Qatar was chosen in December 2010 by FIFA to host the World Cup. At that time, the country already had serious issues related to human rights violations. But that wasn’t, and isn’t, FIFA’s problem.
After all, FIFA is more like a world bank than the UN, so they like money, not people. Unless it’s people with money. By the way, the documentary miniseries “Esquemas da Fifa”, from Netflix, shows in four episodes the type of people that FIFA likes.
Perhaps it was thought that the host country of the Cup would step on the brakes, at least during the World Cup. They even stepped on it, but very slowly. And then accelerated again. There has already been a fan barred with a rainbow hat, a journalist barred from a restaurant with a rainbow shirt and even scolded with the flag of Pernambuco.
In addition to the country’s issues of persecution of the LGBTQIA+ community, there is criticism of the conditions given to workers, many of them immigrants, who were involved in the construction of stadiums and the improvement of infrastructure for the World Cup. According to Amnesty International, the death toll was in the thousands.
Therefore, there is no lack of reasons for protests. In fact, there are too many. So, let’s protest at the World Cup. Problem: Fifa, which doesn’t like people, also doesn’t like protests in its backyard.
Seven European federations wanted to show support for LGBTQIA+ groups with armbands – which means that six European federations couldn’t care less; and let’s not even talk about the South American ones. As FIFA knows that fines are not a problem for Europeans, it threatened to give the captains a yellow card. And won the arm wrestling match.
But you can protest, my people, in many ways. Athletes are lacking creativity, so smart on TikTok. The Germans have already given the cue, with their hand covering their mouth in the game photo, to say that they were silent.
But let’s go to some other suggestions.
Hair. Everything is allowed with hair since Ronaldo, ours, had the ridiculous Cascão cut in the final phase of the 2002 World Cup — imitated by many children at the time, a fact for which the Phenomenon has already apologized. Thus, players who support the LGBT cause could paint the rainbow on their heads. FIFA has never punished hair color before.
Don’t want to mess with your hairstyle? No problem. How about the boots? Gone are the days when all players wore black cleats (yes, I’m a widower of the 1982 World Cup). Everyone uses a different color on their treads, sometimes two, the other day I saw an iridescent boot.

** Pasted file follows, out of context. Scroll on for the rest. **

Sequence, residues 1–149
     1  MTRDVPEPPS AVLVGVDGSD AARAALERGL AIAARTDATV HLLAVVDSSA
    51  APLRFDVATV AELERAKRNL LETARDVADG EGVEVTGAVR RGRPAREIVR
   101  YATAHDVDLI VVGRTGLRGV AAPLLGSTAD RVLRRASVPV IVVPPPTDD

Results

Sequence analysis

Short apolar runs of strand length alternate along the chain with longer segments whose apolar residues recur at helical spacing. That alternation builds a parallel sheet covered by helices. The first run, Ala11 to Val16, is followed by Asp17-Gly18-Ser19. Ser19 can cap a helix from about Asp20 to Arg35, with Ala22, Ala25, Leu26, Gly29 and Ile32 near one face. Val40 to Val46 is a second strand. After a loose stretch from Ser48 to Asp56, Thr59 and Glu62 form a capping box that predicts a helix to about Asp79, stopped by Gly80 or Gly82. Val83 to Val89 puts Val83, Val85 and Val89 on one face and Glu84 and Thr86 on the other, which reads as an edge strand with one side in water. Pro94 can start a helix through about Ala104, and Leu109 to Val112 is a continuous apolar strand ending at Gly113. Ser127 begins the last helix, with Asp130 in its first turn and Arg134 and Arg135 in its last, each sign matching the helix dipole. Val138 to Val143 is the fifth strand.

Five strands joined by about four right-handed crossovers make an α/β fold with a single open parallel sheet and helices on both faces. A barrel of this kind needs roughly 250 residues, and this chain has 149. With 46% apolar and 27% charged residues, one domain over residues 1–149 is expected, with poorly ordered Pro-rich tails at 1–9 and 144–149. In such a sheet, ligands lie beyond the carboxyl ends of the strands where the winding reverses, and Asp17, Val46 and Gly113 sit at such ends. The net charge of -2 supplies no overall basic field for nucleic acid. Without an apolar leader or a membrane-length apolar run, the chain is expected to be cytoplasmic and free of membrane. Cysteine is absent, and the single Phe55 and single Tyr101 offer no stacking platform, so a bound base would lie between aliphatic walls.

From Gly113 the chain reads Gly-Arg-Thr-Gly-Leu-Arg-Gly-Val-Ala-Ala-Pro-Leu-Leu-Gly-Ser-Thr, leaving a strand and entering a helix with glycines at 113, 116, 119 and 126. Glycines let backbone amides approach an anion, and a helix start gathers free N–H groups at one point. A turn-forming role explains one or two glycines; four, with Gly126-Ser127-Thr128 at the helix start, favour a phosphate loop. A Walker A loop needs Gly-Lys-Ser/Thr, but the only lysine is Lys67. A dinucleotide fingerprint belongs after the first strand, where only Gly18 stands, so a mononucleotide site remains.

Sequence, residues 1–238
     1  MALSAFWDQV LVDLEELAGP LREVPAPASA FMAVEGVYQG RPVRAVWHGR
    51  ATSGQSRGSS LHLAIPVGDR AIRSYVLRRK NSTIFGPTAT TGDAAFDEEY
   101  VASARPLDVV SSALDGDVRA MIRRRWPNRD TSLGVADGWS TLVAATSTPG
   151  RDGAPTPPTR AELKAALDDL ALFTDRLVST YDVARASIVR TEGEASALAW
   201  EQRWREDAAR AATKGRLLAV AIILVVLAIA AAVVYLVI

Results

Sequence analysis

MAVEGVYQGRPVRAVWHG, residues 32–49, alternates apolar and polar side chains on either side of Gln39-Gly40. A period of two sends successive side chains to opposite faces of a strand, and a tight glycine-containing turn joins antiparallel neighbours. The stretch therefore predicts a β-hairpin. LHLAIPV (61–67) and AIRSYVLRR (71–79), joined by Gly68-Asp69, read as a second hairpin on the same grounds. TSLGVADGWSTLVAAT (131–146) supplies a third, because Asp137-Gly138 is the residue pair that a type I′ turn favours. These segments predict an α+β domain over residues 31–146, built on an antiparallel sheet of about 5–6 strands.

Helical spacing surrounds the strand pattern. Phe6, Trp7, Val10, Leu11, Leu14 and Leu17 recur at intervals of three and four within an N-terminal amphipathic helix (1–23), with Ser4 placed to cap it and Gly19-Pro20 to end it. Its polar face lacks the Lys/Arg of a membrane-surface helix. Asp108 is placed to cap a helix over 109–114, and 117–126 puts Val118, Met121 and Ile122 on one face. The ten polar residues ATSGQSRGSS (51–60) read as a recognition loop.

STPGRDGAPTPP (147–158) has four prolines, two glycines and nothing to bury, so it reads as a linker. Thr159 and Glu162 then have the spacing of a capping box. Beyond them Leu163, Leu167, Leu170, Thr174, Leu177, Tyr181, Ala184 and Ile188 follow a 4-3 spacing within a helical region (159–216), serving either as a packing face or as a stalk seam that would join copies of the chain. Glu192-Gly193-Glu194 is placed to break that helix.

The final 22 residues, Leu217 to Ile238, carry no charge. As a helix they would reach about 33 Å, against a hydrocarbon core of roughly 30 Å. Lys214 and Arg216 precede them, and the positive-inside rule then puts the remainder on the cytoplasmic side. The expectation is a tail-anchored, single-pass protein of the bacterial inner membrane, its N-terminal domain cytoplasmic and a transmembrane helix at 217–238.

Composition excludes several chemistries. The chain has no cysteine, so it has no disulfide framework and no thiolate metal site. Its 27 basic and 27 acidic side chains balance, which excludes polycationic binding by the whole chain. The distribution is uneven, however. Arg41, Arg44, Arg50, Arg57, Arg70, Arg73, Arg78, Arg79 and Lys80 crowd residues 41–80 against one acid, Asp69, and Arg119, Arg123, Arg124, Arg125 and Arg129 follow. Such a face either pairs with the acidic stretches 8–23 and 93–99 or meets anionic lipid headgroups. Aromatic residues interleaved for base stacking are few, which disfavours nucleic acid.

Why not a rainbow boot? And shoe manufacturers would get free positive marketing. In 2018, the Swiss Shaqiri wore boots with the flag of Kosovo. He had a fine, but I don’t remember a yellow card for wearing a boot.
You can also use the rule in favor. Now there are five changes to the team, and there are 26 players in the squad, with three goalkeepers. In practice, this means that about six guys from each selection will never enter the field, that’s for sure.
Tip: change a useful player for a useless one in additions of decided clashes and put on that prohibited armband. For example, imagine that a match between England and Iran is… I don’t know… 6 to 2, at 45 minutes of the second half. So you drop first choice goalkeeper Pickford (who isn’t even that big of a deal) and put in third goalkeeper Ramsdale (who’s better than first choice but never mind). What would happen? Ramsdale would enter with the LGBTQIA+ armband, with the inscription “One Love”, the judge would see that atrocity and give a yellow card. And that’s it, protest done. In the next game, the intrepid Pickford returns.
Last suggestion, and this one would drive FIFA and Qataris crazy: a celebratory peck. Players kiss each other all the time during substitutions, hug each other, feel each other. Have you ever thought about a Dane scoring a goal and, when it’s time to celebrate, giving his friend a kiss for about five seconds? Gianni Infantino —who knows what LGBT bullying is because he was a redhead— was going to fall out of his box onto the lawn.